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Old 09-19-2018, 06:17 AM
pocketshaver pocketshaver is offline
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Default chamber safety

Heres something im actually interested in from you guys, I admit it is a modern hash up of the ancient debate.

if its "unsafe" to use 5.56x45 55 grain FMJ in a .223 Remington, despite the original specifications of the two cartridges BEING THE SAME THING,

how is it SAFE to use that ammunition and chamber comibination AFTER merely using a reamer to alter the chamber leade to the .223 Remington chamber...

should one NOT actually be considering the SAAMI "standard" of using an ideal 150% MAP strength ?

ie, if a gun is going to be chambered in a cartridge creating 20,000 PSI,,,, the should be able to digest 30,000 PSI laods all day long with out issue.

Ive just read so many damned "expert" articles stating I can merely ream the chamber leade out in a .223 Remington and I can use any and all modern pressure level 5.56nato..
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Old 10-30-2018, 01:02 AM
Bill K Bill K is offline
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Join Date: Aug 2012
Location: N.E. Commie Kalifornia
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Default Chamber safety

Shooting it in a standard 223 chamber will caused pressure spike and that could damage the rifle and/or the shooter if the action ruptures.
The difference is in the leade as you mention. Now if you did give your standard 223 chamber a little more leade/Freebore, then you could safely fire either 5.56 or 223 rounds.
Despite what many will say, about pressure, leade, etc. manufactures of both the rifles and ammunition, all state not safe too fire 5.56 ammo in a standard 223 chamber. They know and have tested and sure know more about it than most of the home grown experts do.. So heed their warning and be safe and sane. Bill K
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Old 11-01-2018, 05:00 PM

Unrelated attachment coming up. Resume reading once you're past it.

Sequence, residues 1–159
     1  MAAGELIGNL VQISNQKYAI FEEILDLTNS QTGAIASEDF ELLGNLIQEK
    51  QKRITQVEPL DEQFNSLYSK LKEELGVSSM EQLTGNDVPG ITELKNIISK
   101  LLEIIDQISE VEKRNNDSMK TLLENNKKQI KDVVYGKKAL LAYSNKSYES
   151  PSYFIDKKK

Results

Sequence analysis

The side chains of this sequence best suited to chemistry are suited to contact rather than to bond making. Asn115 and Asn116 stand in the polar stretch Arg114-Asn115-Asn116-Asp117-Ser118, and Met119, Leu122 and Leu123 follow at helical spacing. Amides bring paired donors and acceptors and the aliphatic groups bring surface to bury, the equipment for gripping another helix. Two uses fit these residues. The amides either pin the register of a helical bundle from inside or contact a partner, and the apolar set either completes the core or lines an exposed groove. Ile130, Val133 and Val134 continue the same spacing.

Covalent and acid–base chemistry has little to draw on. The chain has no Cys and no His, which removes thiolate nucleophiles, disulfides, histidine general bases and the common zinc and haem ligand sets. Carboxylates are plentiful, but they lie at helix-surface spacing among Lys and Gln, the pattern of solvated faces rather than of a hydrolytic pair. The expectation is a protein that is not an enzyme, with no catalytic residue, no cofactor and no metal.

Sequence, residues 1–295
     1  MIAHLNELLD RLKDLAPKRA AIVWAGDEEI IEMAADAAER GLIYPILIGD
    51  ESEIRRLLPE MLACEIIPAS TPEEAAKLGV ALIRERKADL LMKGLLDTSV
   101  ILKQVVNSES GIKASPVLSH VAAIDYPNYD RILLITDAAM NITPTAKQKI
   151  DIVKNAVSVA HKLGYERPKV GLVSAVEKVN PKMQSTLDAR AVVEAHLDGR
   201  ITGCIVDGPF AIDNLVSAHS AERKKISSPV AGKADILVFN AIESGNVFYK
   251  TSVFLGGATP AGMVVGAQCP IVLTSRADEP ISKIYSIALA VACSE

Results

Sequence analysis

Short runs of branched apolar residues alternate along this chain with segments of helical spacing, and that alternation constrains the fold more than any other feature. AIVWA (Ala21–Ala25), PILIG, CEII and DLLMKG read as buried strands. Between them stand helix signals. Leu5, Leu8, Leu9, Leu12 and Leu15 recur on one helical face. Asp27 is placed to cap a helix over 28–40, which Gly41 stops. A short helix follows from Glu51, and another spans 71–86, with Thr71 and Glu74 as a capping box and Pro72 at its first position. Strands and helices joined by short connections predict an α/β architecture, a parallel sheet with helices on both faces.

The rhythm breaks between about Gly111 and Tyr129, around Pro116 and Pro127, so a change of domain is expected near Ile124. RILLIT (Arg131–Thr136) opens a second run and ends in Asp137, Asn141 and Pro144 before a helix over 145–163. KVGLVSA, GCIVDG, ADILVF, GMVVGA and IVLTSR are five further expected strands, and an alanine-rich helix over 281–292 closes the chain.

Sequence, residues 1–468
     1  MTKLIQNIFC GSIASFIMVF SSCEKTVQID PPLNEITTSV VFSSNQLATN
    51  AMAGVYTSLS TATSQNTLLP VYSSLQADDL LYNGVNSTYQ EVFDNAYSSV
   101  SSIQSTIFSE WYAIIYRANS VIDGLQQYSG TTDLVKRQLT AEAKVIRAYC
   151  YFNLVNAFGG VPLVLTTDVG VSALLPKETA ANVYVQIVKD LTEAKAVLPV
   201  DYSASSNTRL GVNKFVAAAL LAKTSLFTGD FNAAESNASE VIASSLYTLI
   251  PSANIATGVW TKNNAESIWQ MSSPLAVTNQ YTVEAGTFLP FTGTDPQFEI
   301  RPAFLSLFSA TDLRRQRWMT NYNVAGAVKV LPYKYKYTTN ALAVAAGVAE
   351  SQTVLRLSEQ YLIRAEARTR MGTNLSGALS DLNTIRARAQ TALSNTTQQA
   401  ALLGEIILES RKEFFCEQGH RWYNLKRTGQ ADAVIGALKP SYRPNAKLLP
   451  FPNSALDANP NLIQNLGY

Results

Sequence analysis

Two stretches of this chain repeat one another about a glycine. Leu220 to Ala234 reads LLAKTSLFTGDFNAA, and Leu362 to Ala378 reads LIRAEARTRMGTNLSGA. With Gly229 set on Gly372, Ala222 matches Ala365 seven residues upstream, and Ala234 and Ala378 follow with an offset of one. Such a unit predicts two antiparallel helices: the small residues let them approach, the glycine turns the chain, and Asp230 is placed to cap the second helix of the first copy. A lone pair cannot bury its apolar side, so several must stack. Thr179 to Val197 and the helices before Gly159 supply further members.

squirrel_slayer squirrel_slayer is offline
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Default

there were tests done by a private operation with .223 and 5.56 and from what I gathered the lead/throating difference acts as an artificial expansion chamber(thusly increasing available capacity).

The best example I have come up with when others ask about the difference is think of a cartridge as a bomb. if we loaded the same powder charge inside the same size vessel with the only difference being one has a cork that pops (the bullet) and the other be sealed. 1 will explode and generate a lot more pressure until it reaches the yield strength where it ruptures. the other is a controlled explosion that propels the bullet down the barrel rapidly dropping pressure as it travels down the bore thus increasing internal volume.

I've seen pictures and horror stories about bullet setback (mostly in pistol rounds) nothing changes but the available space for the ignited powder to expand in yet by shrinking the vessel's size pressure goes up dramatically.

I'm sure some of the mathmaticians here could find the relative increase in volume between .223 and 5.56 chambers, but for theoretical sake lets say there is 2gr's of extra space created from the case mouth to the point where the bullet seals. that effectively is like increasing case capacity by 2gr's. the smaller the case the higher the %'age ratio.

one thing I've learned playing with these little cartridge is a small increase=big changes. things can go from zero pressure signs to whoa that was close in as little as .2-.3gr

Just as an experiment 1 time I loaded some 9mm rounds with the same charge with a light charge ~4.5gr unique with 124gr bullet I then loaded several rounds but seated bullets .030" deeper from 1.17" to 1.05" and it went from sooty case to normal operation and picked up 150 ft/sec with bullet seating depth being the only variable.

Last edited by squirrel_slayer; 11-01-2018 at 05:06 PM.
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